We now know him as the Metal God, but before that title was applied to him, a young Rob Halford and Judas Priest were cranking out album after album of groundbreaking, genre-crossing heavy metal. Between 1974 and 1982 (when they finally shattered the platinum sales ceiling), the British rockers released eight studio albums and a live record, played around the globe and opened for groups like Led Zeppelin and KISS. In 1980, their international breakthrough album British Steel arrived amid the burgeoning New Wave Of British Heavy Metal, a movement they helped usher in by being one of the few genuine heavy metal groups of the Seventies, sticking to their guns while sonically battling the slick sounds of disco, the ambitious sprawl of prog and the manic sounds of punk. But by 1980 all of those genres had collapsed commercially, and the raging heavy rock that Priest espoused was at last getting its due.
Driven by speed metal progenitors “Rapid Fire” and “Steeler,” the anthemic “Living After Midnight” and “Breaking The Law” and yes, the ominous “Metal Gods,” British Steel simplified the epic musical equation of past Priest efforts while attacking listeners with an immediacy and raw power that had a long-term impact on the genre. The dynamic album was by no means Priest’s pinnacle as they continued to evolve and expand their sonic territory — with Glenn Tipton and K.K. Downing’s dueling guitars reaching higher and higher plateaus of metallic ecstasy in years to come — but British Steel was a commercial turning point for the band that got them onto the radio in a big way.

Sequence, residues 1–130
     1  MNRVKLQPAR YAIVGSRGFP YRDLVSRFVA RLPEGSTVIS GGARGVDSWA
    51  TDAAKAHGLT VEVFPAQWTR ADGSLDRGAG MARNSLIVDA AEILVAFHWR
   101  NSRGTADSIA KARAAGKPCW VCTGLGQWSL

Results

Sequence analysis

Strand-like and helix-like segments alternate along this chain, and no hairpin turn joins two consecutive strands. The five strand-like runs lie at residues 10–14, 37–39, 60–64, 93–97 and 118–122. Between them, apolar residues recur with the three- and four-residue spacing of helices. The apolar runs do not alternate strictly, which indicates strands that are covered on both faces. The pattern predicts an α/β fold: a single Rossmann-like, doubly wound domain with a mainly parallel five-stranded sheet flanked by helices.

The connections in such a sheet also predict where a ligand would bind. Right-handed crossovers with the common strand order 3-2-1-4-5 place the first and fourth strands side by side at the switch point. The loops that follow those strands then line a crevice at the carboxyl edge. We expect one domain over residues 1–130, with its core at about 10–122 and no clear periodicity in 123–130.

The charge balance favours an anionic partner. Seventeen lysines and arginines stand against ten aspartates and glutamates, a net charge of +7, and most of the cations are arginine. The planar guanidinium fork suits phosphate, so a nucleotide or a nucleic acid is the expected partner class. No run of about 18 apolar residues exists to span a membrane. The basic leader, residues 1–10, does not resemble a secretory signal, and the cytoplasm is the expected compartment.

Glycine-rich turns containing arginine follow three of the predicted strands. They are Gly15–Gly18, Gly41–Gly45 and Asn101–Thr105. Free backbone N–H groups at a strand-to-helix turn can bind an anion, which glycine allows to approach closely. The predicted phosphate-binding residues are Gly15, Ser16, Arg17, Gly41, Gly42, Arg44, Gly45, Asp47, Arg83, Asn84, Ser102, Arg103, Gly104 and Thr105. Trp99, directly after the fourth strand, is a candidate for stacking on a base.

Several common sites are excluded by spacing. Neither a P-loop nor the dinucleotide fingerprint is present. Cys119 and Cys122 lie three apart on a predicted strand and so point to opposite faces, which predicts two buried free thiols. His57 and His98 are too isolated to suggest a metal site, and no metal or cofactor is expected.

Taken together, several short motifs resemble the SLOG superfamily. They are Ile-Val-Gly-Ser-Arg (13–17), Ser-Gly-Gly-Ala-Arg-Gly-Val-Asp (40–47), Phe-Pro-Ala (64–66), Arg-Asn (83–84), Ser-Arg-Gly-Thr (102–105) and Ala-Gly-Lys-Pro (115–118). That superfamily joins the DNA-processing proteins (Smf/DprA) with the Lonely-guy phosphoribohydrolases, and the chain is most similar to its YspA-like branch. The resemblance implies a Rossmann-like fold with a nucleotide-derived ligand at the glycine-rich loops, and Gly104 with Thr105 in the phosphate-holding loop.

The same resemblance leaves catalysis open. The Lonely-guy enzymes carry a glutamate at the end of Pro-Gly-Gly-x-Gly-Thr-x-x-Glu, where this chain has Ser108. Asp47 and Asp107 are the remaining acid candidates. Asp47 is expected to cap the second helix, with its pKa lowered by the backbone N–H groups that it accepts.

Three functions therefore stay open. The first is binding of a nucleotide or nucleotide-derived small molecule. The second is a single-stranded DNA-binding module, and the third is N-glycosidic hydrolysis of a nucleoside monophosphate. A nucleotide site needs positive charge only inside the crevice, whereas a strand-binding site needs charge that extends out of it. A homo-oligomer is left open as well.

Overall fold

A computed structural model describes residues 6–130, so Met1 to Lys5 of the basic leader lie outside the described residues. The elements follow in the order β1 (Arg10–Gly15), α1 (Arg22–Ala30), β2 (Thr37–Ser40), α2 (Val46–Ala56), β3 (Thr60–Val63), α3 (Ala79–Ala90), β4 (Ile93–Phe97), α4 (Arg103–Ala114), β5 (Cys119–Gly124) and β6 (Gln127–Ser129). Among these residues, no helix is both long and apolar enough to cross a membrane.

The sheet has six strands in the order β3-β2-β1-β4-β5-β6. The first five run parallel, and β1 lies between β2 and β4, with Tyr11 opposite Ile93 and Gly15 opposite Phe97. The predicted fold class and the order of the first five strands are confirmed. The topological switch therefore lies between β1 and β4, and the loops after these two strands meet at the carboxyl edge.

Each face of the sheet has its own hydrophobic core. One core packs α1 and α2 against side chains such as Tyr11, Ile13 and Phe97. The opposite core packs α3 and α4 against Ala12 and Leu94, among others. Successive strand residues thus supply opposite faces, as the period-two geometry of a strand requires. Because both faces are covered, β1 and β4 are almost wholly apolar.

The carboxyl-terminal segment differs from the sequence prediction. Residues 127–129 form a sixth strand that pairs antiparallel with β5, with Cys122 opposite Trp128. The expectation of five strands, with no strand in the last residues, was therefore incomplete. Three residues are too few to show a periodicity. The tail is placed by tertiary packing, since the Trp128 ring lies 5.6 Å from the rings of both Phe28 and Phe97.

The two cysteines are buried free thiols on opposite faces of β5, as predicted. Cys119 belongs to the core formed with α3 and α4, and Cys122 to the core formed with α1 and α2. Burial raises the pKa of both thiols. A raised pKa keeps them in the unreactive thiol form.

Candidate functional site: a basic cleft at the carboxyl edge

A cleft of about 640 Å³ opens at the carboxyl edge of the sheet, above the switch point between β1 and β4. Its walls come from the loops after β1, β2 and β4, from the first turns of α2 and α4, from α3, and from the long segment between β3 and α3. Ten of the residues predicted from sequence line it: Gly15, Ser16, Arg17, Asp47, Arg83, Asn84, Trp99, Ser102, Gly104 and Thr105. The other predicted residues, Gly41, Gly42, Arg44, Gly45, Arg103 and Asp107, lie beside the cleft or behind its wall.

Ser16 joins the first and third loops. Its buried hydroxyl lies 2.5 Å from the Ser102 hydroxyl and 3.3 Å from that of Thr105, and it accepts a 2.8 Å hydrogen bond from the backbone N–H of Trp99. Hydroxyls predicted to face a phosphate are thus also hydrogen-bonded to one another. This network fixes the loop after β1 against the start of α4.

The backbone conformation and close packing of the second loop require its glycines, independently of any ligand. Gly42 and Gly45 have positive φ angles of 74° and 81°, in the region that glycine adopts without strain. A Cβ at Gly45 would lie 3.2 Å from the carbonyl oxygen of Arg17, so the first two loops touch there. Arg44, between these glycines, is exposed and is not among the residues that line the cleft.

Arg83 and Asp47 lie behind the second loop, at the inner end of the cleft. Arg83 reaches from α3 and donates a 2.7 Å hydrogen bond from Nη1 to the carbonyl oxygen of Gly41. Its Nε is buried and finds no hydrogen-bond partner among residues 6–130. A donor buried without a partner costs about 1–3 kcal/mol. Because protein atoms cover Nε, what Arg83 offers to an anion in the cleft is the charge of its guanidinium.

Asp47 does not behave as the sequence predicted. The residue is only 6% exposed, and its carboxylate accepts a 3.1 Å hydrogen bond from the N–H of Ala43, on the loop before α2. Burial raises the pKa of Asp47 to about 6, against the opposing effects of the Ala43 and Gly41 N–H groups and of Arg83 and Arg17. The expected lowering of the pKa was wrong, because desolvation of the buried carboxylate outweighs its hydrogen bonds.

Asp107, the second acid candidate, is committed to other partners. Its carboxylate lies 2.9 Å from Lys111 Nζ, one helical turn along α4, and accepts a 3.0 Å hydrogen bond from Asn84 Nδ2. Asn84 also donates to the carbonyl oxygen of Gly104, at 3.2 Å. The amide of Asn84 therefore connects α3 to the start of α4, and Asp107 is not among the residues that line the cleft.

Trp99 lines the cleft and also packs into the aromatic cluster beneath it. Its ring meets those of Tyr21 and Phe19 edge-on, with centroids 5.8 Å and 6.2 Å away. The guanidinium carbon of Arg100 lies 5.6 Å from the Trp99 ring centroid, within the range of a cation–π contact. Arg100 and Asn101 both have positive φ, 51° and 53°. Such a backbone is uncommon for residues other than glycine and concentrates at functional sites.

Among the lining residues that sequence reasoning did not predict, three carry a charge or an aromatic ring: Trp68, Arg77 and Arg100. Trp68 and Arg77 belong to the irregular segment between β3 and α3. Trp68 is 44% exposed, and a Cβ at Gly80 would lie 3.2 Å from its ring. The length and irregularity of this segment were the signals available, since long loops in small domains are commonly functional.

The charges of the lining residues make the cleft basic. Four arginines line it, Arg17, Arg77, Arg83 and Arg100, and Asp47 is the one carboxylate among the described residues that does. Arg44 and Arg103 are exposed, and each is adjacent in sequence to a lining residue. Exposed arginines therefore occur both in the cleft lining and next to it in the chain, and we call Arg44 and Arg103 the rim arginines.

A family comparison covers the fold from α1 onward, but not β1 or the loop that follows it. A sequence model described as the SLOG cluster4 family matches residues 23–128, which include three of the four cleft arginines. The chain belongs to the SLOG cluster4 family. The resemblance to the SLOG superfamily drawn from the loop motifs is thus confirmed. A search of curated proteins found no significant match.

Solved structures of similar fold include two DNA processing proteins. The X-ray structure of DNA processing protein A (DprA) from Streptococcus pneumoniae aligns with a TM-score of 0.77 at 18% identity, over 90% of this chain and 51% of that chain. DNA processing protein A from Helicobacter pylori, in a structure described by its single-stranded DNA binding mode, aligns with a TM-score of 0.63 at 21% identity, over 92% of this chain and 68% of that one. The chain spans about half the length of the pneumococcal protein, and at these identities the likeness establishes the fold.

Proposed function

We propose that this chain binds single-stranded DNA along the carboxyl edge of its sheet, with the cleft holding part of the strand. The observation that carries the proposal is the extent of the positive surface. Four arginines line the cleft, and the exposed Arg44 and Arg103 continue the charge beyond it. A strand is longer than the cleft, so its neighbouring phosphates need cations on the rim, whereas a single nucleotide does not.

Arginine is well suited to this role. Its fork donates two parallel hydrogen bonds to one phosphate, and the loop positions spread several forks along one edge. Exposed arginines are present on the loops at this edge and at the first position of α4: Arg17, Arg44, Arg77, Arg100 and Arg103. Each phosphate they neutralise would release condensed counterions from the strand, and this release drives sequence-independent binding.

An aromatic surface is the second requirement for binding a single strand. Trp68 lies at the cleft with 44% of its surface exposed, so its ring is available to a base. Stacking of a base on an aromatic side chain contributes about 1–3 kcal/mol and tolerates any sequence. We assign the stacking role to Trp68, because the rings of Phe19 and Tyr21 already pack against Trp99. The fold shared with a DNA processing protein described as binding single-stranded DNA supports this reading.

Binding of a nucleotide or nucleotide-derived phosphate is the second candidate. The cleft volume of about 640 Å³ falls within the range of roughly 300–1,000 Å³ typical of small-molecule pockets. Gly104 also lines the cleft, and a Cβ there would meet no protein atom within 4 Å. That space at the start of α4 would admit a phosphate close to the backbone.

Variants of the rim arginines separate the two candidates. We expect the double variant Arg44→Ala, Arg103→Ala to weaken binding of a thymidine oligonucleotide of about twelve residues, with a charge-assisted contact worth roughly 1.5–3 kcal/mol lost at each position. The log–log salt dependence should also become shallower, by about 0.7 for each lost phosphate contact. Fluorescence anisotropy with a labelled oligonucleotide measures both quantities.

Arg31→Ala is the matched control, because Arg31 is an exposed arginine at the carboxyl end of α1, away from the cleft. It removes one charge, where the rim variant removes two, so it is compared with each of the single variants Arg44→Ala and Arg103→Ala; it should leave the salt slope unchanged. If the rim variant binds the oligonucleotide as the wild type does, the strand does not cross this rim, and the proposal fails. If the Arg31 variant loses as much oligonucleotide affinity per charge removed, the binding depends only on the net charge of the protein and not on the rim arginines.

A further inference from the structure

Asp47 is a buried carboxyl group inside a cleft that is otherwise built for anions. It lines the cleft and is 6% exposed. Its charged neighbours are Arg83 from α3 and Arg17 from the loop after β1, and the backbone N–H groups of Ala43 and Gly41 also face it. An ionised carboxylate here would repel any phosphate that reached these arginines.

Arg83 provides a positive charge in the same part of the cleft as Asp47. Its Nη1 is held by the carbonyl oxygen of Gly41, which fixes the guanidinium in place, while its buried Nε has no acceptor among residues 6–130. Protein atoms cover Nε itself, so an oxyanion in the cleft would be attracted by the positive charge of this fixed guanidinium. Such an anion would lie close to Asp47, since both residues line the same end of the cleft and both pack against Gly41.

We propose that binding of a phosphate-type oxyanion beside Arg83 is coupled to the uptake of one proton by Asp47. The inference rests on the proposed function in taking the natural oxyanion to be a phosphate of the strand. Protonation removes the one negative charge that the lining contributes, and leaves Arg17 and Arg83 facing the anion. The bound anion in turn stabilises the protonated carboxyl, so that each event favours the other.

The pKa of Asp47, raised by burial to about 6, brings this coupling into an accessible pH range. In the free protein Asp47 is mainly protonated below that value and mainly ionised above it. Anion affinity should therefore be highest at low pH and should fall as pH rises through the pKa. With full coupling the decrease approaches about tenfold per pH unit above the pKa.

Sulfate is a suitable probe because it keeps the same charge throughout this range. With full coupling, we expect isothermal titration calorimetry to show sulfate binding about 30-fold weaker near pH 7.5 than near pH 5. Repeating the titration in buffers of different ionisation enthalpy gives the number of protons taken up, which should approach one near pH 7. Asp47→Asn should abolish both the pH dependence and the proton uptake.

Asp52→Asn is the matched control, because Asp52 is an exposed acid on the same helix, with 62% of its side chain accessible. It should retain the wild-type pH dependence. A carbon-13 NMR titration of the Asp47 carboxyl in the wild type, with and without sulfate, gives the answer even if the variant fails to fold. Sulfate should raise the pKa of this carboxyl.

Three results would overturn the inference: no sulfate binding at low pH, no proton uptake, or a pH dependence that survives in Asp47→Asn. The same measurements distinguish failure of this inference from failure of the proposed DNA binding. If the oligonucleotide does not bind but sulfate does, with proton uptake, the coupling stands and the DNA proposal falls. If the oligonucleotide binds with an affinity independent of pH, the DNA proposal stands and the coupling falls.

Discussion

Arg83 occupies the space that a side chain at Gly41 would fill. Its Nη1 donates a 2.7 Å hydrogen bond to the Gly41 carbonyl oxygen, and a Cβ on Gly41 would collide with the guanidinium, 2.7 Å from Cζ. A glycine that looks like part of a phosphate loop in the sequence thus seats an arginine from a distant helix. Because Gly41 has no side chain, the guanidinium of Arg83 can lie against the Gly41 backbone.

One Priest fan once told me that listening to Halford on their 1978 opus Stained Class was like hearing five different singers on one album. The singer’s diverse vocal approach on British Steel certainly echoed that sentiment. And Priest’s recent metal opera Nostradamus continued displaying their eclecticism, and in an even wider musical playing field, which is actually unusual for a group whose classic line-up has been together for nearly 40 years.
To celebrate British Steel‘s 30th anniversary, the band has reissued it with the two bonus tracks from the 2001 reissue, new artwork and liner notes as well as a new live DVD and CD (in the deluxe package) from their tour last year, during which they performed the entire album (in its original British track sequence) along with other classic Priest cuts.
I recently interviewed Halford in New York for ShockHound about the reissue and its cultural impact, the Grammy-winning group’s recent accolades and their future touring plans. I gathered some extra material that made it onto ADD.